Aussies can’t wait to get stuck into Eng­land’s mot­ley Ashes crew

Sunday Independent (Ireland) - Sport - - RESULTS / ROUND-UP - GE­OFF LEMON

IT wouldn’t be the Ashes with­out hype in the lead-up. This time, we’re away early. Six weeks to go be­fore the series and we’re al­ready well into the con­ver­sa­tion af­ter Ben Stokes was ar­rested. The all-rounder will not be on the first plane to the south­ern side of the globe, though he hasn’t been en­tirely ruled out.

A hand­ful of my fel­low Aus­tralians may have in­dulged in a mo­ment of

schaden­freude af­ter this news came through. And a bit more when he was re­placed in the squad by Steven Finn, who cel­e­brated his last trip to Aus­tralia by for­get­ting how to bowl.

Mostly, though, the mood is dis­ap­point­ment. While true par­ti­sans might be re­lieved at Eng­land miss­ing a key player, the av­er­age en­thu­si­ast wants the world’s best play­ers in the big­gest con­tests. It’s far more ap­peal­ing than a turn­stile of de­mor­alised county chancers. Which, hubris or no, is what Eng­land’s tour­ing party makes us an­tic­i­pate. In a beau­ti­ful balanc­ing of na­tional views, BBC’s Jonathan Agnew called it “one of the weak­est squads I’ve seen” and ABC’s Jim Max­well said it was “one of the poor­est English bat­ting line-ups I have ever seen to come to Aus­tralia”.

Build­ing a Test or­der out of James Vince, Dawid Malan, Mark Stone­man and Gary Bal­lance is like try­ing to make din­ner out of the tins at the back of the pantry. If Aus­tralia’s fast bowlers stay fit, Eng­land’s task on bouncy pitches will be im­mense. That’s said with some trep­i­da­tion, given that a warm breeze has of­ten been enough to twang a pace­man’s ham­string. James Pat­tin­son’s ver­te­brae have al­ready ru­ined the fantasy of the Four Horse­men of the York­er­lypse, but Mitchell Starc, Pat Cum­mins and Josh Ha­zle­wood are cur­rently in­tact. The un­der­rated Jack­son Bird is in the wings and Peter Sid­dle is on the come­back trail.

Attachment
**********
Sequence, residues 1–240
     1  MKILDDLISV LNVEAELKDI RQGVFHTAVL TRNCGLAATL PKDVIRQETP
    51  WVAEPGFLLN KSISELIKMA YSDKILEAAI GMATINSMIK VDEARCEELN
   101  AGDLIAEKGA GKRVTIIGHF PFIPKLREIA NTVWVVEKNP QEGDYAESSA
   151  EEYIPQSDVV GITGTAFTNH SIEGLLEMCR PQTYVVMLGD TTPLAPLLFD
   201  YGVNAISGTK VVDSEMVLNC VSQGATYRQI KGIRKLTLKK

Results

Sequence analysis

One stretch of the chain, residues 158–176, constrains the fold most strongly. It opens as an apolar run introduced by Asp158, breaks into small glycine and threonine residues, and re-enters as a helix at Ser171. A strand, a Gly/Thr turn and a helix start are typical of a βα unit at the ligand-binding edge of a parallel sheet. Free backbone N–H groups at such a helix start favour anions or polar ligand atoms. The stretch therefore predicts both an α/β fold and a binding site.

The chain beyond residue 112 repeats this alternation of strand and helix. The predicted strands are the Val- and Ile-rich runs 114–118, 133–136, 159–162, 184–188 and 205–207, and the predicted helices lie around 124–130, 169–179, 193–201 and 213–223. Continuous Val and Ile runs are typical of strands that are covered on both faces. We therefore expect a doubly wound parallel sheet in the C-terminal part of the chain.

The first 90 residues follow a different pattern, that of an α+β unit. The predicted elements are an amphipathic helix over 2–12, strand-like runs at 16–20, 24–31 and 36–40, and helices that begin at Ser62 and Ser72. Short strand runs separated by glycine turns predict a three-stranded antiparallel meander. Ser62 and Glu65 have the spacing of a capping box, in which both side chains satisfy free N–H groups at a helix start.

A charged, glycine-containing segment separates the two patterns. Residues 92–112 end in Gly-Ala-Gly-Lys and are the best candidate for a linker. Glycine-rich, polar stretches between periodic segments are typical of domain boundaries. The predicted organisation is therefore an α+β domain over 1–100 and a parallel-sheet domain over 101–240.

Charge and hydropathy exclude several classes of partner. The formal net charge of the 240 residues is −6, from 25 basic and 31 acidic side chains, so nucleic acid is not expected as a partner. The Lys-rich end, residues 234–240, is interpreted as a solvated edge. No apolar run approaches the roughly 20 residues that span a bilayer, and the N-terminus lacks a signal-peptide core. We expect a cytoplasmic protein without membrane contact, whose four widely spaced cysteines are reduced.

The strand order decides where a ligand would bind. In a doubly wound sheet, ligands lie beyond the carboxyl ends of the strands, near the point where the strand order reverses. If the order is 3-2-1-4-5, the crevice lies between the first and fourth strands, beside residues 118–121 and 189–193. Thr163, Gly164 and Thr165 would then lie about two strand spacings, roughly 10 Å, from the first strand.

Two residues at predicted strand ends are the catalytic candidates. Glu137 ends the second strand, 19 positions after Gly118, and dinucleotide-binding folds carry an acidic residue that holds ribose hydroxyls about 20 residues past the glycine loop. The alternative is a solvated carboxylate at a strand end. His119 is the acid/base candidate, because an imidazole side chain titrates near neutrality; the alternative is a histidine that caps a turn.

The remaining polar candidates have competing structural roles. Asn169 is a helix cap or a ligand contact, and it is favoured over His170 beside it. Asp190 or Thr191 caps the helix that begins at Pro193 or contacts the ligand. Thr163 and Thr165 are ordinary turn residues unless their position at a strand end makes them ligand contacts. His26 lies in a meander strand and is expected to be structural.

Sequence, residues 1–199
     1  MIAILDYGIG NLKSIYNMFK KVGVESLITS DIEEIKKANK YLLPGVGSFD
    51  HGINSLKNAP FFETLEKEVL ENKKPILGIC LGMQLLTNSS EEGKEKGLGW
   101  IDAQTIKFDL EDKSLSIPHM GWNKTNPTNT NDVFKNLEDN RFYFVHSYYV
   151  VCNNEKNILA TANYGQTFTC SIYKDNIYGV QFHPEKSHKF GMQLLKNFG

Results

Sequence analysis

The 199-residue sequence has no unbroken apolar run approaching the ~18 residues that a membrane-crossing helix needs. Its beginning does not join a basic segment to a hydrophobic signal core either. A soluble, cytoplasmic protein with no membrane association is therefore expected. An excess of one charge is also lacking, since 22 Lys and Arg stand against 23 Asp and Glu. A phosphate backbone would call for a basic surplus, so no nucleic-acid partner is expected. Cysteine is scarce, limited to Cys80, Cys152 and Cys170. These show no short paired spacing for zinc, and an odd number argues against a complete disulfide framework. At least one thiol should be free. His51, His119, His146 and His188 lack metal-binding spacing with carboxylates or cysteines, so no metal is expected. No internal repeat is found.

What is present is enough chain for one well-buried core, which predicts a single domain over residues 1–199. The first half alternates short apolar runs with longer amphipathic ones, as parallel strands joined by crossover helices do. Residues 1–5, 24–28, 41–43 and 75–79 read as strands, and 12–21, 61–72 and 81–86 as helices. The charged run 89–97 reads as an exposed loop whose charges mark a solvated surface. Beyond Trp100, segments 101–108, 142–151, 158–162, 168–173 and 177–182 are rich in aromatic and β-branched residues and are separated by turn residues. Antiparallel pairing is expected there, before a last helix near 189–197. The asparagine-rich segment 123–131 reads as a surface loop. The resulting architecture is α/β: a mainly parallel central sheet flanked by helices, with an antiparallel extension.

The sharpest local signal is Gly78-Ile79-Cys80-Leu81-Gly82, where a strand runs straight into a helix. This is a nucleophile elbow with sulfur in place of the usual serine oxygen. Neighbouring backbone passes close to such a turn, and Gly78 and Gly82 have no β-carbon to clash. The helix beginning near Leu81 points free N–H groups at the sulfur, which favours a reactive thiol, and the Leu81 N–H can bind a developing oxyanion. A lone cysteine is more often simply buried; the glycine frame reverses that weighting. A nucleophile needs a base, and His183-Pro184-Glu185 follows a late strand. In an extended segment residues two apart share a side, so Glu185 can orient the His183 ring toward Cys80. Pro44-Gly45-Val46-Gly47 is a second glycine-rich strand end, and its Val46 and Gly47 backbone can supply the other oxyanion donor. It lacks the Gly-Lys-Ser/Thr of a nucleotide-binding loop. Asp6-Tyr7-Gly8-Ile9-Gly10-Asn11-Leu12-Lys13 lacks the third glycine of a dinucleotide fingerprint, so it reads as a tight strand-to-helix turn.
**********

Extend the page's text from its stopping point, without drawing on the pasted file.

Much has been made of Moeen Ali’s bowl­ing form, and his ag­gres­sive op­po­nents may give him a chance. But he will have to defy the his­tory that makes Aus­tralia a grave­yard for vis­it­ing off-spin­ners. For the home side, Nathan Lyon’s spin record in these con­di­tions is at elite level.

In con­trast to Eng­land, Aus­tralia’s bat­ting is mostly set. David Warner has made 14 of his 20 Test cen­turies on Aus­tralian decks. Steve Smith makes them any­where but av­er­ages 75 at home. Us­man Khawaja has plun­dered runs at first drop in the past two south­ern sea­sons.

Like twin halves of a Bri­tish ref­er­en­dum, Matt Ren­shaw has a will­ing­ness to leave and to re­main; he is calm be­yond his years, and starts the series at his na­tive Gabba. And Peter Hand­scomb has proved a ready made player.

Un­cer­tainty be­low is of less con­cern. Wick­et­keeper Matthew Wade has strug­gled with the bat and may be re­placed. Hil­ton Cartwright is a chance for No 6, even if Glenn Max­well de­serves that spot, but merit doesn’t count for much against Greg Chappell’s hunches. Or a few first-class games be­fore Bris­bane could throw up an­other can­di­date.

The mood is qui­etly con­fi­dent. Far more so than in 2013 when Eng­land had just sealed its own home Ashes 3-0, and looked an even bal­ance of in­gre­di­ents against a salad of green­horns and has-beens. Graeme Swann still had a right arm, Alas­tair Cook still had the cap­taincy, Jonathan Trott still had a ca­reer, and Kevin Pi­etersen still had the tol­er­ance of his team-mates. And look what hap­pened.

Eng­land all-rounder Ben Stokes ar­riv­ing at the church yes­ter­day for his wed­ding to fi­ancee Clare Rat­cliffe. Stokes will not be trav­el­ling to Aus­tralia with the rest of the Eng­land squad.

Newspapers in English

Newspapers from Ireland

© PressReader. All rights reserved.